Journal of Social Ontology

ISSNs: 2196-9655, 2196-9663

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  1.  16
    Cultural Ecology in the Court: Ontology, Harm, and Scientific Practice.Andrew Buskell - 2024 - Journal of Social Ontology 10 (2).
    This article charts a path between those who champion the culture concept and those who think it dangerous. This path navigates between two positions: realists who adopt realist conceptions of both the culture concept and the category of cultural groups, and fictionalists who see such efforts as just creative and fictional extrapolation. Developing the fictionalist position, I suggest it overstates the case against realism: there is plenty of room for realist positions that produce well-grounded empirical studies of cultural groups. Nonetheless, (...)
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  2.  22
    Human-managed soils and soil-managed humans: An interactive account of perspectival realism for soil management.Catherine Kendig - 2024 - Journal of Social Ontology 10 (2).
    What is philosophically interesting about how soil is managed and categorized? This paper begins by investigating how different soil ontologies develop and change as they are used within different social communities. Analyzing empirical evidence from soil science, ethnopedology, sociology, and agricultural extension reveals that efforts to categorize soil are not limited to current scientific soil classifications but also include those based in social ontologies of soil. I examine three of these soil social ontologies: (1) local and Indigenous classifications farmers and (...)
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  3.  17
    Southern Ontologies: Reorienting Agendas in Social Ontology.David Ludwig, Daniel Faabelangne Banuoku, Birgit Boogaard, Charbel N. Elhani, Bernard Yangmaadome Guri, Matthias Kramm, Vitor Renck, C. Adriana Ressiore, Jairo Robles-Piñeros & Julia J. Turska - 2024 - Journal of Social Ontology 10 (2):51-79.
    This article addresses ontological negotiations in the Global South through three case studies of community-based research in Brazil and Ghana. We argue that ontological perspectives of Indigenous people and local communities require an ontological pluralism that recognizes both the plurality of representational tools and of ways of being in the world. Locating these two readings of ontological pluralism in the politics of the Global South, the article highlights a wider dynamic from ontological paternalism to ontological diversity to ontological decolonization. We (...)
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  4.  17
    Ontologies of Eco Kin: Indigenous World Sense/ing.Esme Murdock - 2024 - Journal of Social Ontology 10 (2).
    In our global neocolonial and neoliberal present, so-called solutions to settler-Indigenous conflict are often framed as a reconciliation achieved through a multicultural democratic society. However, this conception of resolution frequently adopts a superficial understanding of culture that ultimately understands cultural difference as reconcilable in the sense that other cultures can be folded into or made compatible with dominant cultural norms. On Turtle Island (North America), especially within the settler colonial context, such reconciliation as resolution becomes a differently fashioned form of (...)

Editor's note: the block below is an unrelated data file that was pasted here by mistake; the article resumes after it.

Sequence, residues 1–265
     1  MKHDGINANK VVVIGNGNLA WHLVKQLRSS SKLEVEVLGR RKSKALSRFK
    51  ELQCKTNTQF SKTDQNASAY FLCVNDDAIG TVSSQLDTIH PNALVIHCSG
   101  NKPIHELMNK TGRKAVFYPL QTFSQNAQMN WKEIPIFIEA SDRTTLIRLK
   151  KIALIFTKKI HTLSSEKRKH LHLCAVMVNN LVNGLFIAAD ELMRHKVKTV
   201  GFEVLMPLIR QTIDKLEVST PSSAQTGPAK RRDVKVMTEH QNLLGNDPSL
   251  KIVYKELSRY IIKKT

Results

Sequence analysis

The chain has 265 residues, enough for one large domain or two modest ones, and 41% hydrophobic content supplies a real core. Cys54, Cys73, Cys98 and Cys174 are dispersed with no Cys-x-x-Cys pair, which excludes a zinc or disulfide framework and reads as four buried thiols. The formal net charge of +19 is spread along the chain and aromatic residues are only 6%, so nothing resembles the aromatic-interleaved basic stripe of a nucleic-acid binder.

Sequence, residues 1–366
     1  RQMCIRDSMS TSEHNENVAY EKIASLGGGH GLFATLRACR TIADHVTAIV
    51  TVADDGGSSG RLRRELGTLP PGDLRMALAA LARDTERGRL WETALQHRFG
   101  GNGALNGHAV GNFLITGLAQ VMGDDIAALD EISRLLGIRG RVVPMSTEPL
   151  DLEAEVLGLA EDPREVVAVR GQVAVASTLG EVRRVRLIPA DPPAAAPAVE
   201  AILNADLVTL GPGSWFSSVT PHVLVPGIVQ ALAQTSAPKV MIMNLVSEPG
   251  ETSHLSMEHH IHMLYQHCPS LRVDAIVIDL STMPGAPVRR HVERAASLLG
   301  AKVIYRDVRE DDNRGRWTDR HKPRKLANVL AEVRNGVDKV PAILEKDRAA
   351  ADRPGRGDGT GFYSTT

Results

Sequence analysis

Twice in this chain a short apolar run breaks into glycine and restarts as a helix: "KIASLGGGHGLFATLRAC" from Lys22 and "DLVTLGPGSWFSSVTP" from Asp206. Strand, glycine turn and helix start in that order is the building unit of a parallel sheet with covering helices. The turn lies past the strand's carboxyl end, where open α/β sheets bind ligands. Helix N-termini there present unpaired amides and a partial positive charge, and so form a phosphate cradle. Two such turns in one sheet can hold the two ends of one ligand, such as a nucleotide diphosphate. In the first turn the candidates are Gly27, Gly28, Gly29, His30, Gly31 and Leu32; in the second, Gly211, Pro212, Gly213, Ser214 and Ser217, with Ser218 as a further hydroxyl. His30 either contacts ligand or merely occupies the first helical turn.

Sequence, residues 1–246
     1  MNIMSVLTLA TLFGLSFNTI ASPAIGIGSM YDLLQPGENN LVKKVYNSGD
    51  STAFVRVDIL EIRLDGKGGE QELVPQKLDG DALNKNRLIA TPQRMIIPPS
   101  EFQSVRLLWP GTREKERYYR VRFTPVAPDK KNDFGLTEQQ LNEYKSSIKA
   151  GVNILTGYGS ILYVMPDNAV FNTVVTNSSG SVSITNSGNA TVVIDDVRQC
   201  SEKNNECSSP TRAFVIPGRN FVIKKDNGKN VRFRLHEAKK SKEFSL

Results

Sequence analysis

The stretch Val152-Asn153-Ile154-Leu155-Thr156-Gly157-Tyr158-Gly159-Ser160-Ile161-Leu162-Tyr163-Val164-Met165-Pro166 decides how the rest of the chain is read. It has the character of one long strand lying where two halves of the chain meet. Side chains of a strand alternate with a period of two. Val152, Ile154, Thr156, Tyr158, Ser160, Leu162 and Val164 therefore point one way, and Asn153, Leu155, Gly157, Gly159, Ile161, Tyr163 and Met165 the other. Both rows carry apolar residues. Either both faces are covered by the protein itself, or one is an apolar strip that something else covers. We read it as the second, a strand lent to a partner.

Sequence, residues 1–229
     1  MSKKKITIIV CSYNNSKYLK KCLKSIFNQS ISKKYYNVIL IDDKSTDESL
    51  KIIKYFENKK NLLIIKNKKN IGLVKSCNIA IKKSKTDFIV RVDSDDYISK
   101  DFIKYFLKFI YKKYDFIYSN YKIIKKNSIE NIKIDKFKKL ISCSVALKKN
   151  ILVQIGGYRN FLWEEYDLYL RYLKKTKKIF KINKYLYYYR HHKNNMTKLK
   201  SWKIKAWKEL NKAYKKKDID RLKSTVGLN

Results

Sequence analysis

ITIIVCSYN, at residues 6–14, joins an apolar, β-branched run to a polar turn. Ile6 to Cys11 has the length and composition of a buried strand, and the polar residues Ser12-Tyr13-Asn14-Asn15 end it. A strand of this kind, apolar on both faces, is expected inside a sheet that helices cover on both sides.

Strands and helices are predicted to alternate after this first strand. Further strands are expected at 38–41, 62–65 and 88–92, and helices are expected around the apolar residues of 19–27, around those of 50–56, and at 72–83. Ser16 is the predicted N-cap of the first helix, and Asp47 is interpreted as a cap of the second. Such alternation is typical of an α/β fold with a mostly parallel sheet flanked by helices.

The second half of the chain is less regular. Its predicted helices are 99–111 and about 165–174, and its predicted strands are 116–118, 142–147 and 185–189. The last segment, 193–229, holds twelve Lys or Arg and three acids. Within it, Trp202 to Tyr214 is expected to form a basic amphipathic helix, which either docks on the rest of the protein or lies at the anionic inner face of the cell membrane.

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  5.  15
    “Savage knowledge,” ethnosciences, and the colonial ways of producing reservoirs of indigenous epistemologies in the Amazon.Raphael Uchôa - 2024 - Journal of Social Ontology 10 (2).
    This paper explores the intricate relationship between the concept of “savage knowledge,” its significance during the ninteenth and twentieth centuries, and the emerging field of ethnoscience. It specifically focuses on the Amazon region as a pivotal area in the development of ethnoscience, examining the contributions of renowned naturalists Carl von Martius, Richard Spruce, and Richard Schultes, who each conducted scientific expeditions to the Amazon during this era. Their works are crucial in reevaluating the dynamic interplay between the Western perception of (...)
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  6.  86
    Morality, Friendship, and Collective Action.Javier Gomez-Lavin & Matthew Rachar - 2024 - Journal of Social Ontology 10.
    This paper uses the tools of experimental philosophy to examine the nature of interpersonal normativity in collective action, focusing on cases of immoral collective action and collective action by friends. The results of our two studies, which expand on recent empirical interventions into longstanding debates in social ontology, demonstrate that according to our everyday judgments there are interpersonal obligations in cases of collective action, even when immoral, and that, while friendship elicits judgments of togetherness, it does not affect the norms (...)
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  7.  20
    Social Theory for Quantum Times.Hanna-Kaisa Hoppania - 2024 - Journal of Social Ontology 10.
    Discourse theories and methods have been a staple in social and political studies for a long time. However, even in the most advanced accounts of post-structuralist ontology and epistemology within the social sciences, materiality is somewhat under-theorized, weakening discursive approaches and leading to a sense that social and material/natural worlds are in some significant way separate and operate differently. In this paper Karen Barad’s theory of agential realism, which builds on quantum physics, is deployed to show that this need not (...)
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